TJ: What’s the most challenging thing you’ve faced in your career?

BOURDAIN: I think once I got a lucky break - not f**king up like some people do when they get a break in life professionally. I got very, very lucky with a best-selling book and for the first time in my life I was able to pay my rent on time. That sort of thing tends to lead to temptation that derails a lot of people.

TJ: So how did you stay on track?

BOURDAIN: I’d already f**ked up in every possible way a human being could f**k up. So that experience was perhaps useful. I try to be a good father.That’s always a challenge but one I’m very happy to face. It’s my greatest challenge and my greatest pleasure.

TJ: Do you spend a lot of time with your daughter?

BOURDAIN: As much as I can. I travel a lot. So, it’s difficult.

TJ: When she gets a bit older, do you plan on taking her with you?

BOURDAIN: She’s travelled with me a fair amount - at least one trip a year with the show. While I’m doing the show, I’ll bring the family if it’s a family-friendly location and try to spend as much time with them as possible.

TJ: So now with all of your intercultural experiences, are you eager to see your daughter learn a foreign language and travel the world?

BOURDAIN: She’s already learning Italian.

TJ: Wow!

BOURDAIN: Her mom’s Italian, so it’s a bi-cultural household. But yeah, this is a big world and there is a lot of good stuff in it. I want her to understand that there are people who live differently than the way that she does and I want her to see as much of the world as she can.

TJ: What’s the hardest part of your job?

BOURDAIN: Being away from my family.

TJ: How much time do you spend on the road?

BOURDAIN: I’ve spent as much as 250 days a year.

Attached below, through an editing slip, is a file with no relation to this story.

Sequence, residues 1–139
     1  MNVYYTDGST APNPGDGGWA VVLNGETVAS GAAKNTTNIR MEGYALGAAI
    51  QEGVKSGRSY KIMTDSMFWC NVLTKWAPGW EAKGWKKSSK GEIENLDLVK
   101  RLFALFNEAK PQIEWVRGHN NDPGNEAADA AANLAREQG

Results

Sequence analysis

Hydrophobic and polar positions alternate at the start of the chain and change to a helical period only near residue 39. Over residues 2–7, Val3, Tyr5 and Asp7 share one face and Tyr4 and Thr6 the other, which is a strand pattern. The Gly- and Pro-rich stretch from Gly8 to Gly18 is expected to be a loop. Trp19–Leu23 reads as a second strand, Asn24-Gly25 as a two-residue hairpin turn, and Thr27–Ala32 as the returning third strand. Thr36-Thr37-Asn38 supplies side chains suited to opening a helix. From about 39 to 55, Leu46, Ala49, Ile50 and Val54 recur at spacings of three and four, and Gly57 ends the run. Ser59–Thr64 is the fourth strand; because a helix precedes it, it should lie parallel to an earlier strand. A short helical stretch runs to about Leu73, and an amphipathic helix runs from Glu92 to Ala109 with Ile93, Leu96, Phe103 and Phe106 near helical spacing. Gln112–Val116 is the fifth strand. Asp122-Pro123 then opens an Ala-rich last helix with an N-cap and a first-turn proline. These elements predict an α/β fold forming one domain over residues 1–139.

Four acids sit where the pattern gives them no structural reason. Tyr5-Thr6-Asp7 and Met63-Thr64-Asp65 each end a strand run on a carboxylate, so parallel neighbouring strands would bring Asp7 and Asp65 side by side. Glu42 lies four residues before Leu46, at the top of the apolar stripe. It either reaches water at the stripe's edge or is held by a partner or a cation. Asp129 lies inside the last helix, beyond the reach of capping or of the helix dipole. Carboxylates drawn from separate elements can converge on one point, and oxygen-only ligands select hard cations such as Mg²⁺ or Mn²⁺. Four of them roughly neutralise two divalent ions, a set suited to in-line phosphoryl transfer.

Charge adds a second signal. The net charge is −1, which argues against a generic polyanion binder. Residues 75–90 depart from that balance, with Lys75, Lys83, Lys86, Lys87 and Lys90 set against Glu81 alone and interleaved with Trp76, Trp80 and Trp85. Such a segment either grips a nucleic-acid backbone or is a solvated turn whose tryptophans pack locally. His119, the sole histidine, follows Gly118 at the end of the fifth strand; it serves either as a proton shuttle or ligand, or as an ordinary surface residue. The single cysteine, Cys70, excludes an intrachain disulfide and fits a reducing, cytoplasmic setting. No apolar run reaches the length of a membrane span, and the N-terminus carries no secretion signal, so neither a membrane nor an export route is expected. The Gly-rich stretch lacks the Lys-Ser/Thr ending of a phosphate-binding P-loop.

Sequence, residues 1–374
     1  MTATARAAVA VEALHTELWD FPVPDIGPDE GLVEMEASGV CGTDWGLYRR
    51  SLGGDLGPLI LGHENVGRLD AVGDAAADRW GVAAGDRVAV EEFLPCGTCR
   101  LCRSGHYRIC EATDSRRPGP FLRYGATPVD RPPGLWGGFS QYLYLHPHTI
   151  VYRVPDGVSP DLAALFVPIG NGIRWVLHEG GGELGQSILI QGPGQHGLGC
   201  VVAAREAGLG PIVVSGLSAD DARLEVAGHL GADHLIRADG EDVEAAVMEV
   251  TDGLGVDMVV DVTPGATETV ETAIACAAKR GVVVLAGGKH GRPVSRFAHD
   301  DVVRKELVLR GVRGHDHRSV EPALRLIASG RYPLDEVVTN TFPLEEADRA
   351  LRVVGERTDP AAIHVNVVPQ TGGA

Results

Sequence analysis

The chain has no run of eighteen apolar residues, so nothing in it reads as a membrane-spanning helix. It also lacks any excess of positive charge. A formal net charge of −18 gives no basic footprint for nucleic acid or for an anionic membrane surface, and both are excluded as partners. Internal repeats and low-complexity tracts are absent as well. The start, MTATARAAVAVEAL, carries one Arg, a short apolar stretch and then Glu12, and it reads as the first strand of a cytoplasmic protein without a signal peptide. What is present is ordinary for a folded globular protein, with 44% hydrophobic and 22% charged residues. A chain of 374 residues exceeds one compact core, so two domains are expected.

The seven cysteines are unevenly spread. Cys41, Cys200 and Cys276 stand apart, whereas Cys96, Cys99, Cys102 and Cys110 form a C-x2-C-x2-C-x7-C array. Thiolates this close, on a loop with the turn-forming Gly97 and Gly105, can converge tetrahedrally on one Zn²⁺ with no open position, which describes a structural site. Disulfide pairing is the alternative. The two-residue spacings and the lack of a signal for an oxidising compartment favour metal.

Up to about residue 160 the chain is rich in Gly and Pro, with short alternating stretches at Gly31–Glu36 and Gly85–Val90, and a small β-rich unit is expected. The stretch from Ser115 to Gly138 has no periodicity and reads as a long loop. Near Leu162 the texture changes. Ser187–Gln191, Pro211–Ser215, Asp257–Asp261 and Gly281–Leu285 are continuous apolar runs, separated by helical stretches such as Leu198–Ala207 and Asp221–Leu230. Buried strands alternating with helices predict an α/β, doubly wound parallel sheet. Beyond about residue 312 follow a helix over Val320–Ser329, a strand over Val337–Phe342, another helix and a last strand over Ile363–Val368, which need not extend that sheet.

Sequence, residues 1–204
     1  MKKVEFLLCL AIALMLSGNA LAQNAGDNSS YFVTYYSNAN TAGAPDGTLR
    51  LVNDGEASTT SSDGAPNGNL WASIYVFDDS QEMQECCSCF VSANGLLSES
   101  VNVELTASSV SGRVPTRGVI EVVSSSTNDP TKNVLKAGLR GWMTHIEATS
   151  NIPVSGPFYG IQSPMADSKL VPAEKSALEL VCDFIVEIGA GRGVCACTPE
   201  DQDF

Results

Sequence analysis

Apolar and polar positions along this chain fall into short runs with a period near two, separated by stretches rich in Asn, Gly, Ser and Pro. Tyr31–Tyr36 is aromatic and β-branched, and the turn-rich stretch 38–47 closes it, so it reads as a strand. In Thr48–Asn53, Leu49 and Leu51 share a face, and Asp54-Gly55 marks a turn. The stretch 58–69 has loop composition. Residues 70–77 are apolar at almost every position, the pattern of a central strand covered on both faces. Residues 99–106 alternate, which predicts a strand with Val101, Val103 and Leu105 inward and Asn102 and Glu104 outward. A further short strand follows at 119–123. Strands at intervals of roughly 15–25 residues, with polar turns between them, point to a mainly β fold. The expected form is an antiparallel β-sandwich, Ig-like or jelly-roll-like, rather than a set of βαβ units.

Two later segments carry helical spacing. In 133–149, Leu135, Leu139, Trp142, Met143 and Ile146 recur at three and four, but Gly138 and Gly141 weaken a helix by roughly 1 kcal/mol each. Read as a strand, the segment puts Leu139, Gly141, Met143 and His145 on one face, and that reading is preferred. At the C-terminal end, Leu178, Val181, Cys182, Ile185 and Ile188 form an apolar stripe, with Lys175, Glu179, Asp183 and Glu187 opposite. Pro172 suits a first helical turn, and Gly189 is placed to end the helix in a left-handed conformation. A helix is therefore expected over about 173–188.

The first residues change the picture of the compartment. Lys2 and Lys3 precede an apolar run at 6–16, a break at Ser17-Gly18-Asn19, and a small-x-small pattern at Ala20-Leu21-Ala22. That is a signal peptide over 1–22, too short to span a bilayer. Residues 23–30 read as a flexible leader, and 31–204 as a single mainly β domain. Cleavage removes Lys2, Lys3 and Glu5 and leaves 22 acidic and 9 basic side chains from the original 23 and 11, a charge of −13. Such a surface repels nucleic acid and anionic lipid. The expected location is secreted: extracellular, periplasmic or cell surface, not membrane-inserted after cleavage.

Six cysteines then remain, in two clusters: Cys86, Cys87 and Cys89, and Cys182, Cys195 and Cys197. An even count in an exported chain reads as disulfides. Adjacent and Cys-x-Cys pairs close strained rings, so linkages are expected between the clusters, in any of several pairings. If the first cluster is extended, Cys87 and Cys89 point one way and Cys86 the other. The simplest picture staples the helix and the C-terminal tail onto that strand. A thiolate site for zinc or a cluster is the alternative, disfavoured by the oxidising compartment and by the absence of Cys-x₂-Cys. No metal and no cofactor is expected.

TJ: Wow! You must have a lot of mileage.

BOURDAIN: Oh, yeah!

TJ: And what are the “must-haves” for your travels when you go to some remote place like Africa?

BOURDAIN: Not much. A notebook, an iPhone, an iPad with a bunch of books downloaded onto it, anti-diarrhea medicine ... other than that I’m good.

TJ: Where would you most like to go?

BOURDAIN: Well, I’m looking forward to going to Iran sometime in the near future.

TJ: Do you get food poisoning often?

BOURDAIN: Twice in thirteen years. Both times in tribal situations in Africa and both times I had a pretty good idea going in. Let’s just say I knew the risks.

TJ: What are your thoughts on Julia Child?

BOURDAIN: I think probably the most important person in the history of American gastronomy! I mean, huge! Towering, towering important figure! She was a big figure, an important figure in my household growing up.

TJ: Who in your life influenced you the most?

BOURDAIN: Maybe Hunter Thompson?

TJ: Is there someone that mentored you?

BOURDAIN: My old boss in the restaurant business - the guy who taught me to show up on time.

TJ: How long did you work for him?

BOURDAIN: A few years off and on. I learned a very important life lesson as a dishwasher.

TJ: What other lessons did you learn?

BOURDAIN: Show up on time. Do the best you can. tj

The complete article can be found in Issue #274 of the Tokyo Journal. Click here to order from Amazon.

Written By:

Anthony Al-Jamie

Dr. Anthony Al-Jamie lived and worked as an educational administrator and journalist in Tokyo for over 20 years. His in-depth understanding of Japanese language and culture has allowed him to carry out interviews with many of the most renowned individuals in Japan. He first began writing for the Tokyo Journal in the 1990s as Education Editor, later he was promoted to Senior Editor, and eventually International Editor. He currently works in higher education publishing and serves the Tokyo Journal as Executive Editor.